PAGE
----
The type of travelers that rent out waterfront homes for their vacations do so for a reason. They're not looking for a static, boring place to rest their head (if that were the case, they would have rented a hotel room). Instead, they're seeking an experience. It's your job to give them one.

Designing your home, so it looks and feels like a genuine escape is a key to generating word-of-mouth referrals and repeat business-critical to long-term vacation rental success.

Foremost, you want to craft a welcoming and comfortable space—a home away from home that feels as if it's their waterfront vacation home, not yours.

Start with high-end linens and towels and feature extra pillows and blankets to accommodate the renter's needs. Keep an extra set of each on hand, but also stock the home's laundry room with detergent and dryer sheets.

For the kitchen, stock essential cooking equipment—a set of pots and pans, various sized mixing bowls, measuring cups and spoons, a complete set of cooking utensils, and plenty of plates, bowls, forks, spoons, and knives. Also, have essential small appliances on hand—especially a dependable coffee maker. After all, one of the primary draws to a vacation rental is using a private kitchen for cooking meals.

Finally, create a vacation atmosphere. Waterfront homes often mean beachfront homes, and you'll want to provide the environment to match. Let the sunlight in with Light, airy drapery. Add nautical paint colors to give the home a bright, beachy aura. Choose furniture that is equal parts functional and comfortable that carries the feel of hanging out in an oceanfront bungalow.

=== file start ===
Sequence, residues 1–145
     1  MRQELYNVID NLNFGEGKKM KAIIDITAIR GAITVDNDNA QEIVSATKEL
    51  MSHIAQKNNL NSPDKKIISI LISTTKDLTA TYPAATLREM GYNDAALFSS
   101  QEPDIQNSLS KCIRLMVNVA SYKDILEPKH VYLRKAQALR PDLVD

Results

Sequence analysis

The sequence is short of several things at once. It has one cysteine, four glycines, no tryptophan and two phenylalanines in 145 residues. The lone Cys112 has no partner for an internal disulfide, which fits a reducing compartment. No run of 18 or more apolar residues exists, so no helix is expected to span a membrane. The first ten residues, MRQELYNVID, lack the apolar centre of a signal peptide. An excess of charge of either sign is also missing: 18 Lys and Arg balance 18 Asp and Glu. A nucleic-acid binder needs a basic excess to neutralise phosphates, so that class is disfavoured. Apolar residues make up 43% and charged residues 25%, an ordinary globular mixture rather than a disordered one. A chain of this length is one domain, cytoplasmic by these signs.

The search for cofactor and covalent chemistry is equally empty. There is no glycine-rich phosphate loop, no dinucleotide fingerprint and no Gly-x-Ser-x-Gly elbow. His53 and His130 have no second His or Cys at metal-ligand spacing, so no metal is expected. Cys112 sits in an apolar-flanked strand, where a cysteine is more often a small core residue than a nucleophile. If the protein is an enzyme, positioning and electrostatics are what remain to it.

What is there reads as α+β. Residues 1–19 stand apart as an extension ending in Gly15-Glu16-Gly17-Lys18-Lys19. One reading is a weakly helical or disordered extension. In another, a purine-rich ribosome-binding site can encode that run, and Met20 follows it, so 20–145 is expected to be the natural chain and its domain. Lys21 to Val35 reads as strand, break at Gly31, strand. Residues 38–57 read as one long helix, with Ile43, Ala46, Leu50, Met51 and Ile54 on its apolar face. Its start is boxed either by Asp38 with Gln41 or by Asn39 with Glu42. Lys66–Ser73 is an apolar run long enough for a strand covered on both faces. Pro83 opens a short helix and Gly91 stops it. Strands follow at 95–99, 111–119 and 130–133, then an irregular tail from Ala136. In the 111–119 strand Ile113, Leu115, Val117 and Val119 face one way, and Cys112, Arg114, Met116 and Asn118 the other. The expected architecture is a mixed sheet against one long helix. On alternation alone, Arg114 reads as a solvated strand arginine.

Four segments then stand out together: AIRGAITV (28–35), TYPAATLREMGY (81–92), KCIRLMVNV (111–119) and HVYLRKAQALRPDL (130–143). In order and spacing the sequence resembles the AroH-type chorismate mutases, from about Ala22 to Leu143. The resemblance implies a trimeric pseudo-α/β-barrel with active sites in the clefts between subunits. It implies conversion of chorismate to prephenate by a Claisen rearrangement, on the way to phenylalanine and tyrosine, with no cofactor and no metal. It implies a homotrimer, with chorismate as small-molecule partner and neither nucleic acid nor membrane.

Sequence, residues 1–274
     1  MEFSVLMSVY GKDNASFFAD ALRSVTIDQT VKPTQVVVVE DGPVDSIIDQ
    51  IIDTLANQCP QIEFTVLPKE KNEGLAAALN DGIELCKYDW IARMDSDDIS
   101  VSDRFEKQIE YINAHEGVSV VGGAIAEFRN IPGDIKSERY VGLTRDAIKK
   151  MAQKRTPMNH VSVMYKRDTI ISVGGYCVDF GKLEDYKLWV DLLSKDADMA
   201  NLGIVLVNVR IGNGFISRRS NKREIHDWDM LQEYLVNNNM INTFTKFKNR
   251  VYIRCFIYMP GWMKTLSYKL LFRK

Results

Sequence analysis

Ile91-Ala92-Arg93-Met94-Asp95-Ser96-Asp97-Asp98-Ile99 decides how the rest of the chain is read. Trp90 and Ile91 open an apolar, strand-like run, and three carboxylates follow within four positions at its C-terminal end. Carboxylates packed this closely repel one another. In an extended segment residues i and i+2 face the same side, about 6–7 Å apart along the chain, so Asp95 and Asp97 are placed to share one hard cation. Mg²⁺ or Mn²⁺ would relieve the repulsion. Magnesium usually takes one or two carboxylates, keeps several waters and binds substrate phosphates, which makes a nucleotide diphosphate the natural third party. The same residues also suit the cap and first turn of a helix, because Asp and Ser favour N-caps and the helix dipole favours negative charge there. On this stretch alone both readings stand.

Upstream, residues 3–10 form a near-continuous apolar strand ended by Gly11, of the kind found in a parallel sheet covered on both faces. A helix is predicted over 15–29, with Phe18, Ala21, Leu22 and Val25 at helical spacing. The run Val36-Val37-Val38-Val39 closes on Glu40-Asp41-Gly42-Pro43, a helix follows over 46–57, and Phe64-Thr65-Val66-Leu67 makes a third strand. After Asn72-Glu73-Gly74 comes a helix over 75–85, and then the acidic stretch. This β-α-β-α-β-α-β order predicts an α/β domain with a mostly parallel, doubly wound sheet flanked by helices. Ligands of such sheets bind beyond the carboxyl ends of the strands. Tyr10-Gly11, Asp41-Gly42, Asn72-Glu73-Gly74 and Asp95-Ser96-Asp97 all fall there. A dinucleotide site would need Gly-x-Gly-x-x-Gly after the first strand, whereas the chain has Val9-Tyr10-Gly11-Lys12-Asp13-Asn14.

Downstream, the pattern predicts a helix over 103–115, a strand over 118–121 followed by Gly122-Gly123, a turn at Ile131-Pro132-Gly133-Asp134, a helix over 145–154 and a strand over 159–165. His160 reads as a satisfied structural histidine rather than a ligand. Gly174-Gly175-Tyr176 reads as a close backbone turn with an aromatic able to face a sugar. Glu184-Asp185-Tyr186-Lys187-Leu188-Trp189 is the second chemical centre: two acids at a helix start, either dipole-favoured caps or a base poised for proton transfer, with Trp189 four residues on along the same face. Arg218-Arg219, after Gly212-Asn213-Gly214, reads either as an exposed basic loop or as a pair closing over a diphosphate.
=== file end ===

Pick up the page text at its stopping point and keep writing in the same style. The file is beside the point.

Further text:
If you're uncertain of how to bring the design together, you'll want to employ an interior designer. It's a worthwhile investment, especially if it creates an Instagrammable environment that renters will love and love to brag about.

Creating an Irresistible Listing

How you market and list your home is critical to attracting renters. Even with waterfront property, competition is fierce. A few simple steps will ensure your listing and your home stands out.

First, seek out a professional photographer to capture the home at its absolute best. High-quality, high-res images are the critical driver of whether or not someone wants to rent your property, so don't shortchange your efforts.

Hire a stager to optimize every pic taken and ensure every room is captured. Your photo set should include bathrooms, the laundry room, and patio or deck areas, so renters know what they're getting. Also, invest in creating a virtual or video of the property to entice renters further.

Beyond your images, include a concise and scannable yet descriptive copy that further highlights the home's features and amenities. Items such as bed sizes, accommodations for dining, how the kitchen is outfitted, and variables like distance to points of interest should all be part of your copy. Keep it accurate and reflective of the property.

In addition, creating a theme for your property—including branding it with a name—will distinguish it even further from the competition. You don't need to go overboard, but the more cohesion you bring to the property, the more the listing will shine and find favor with renters.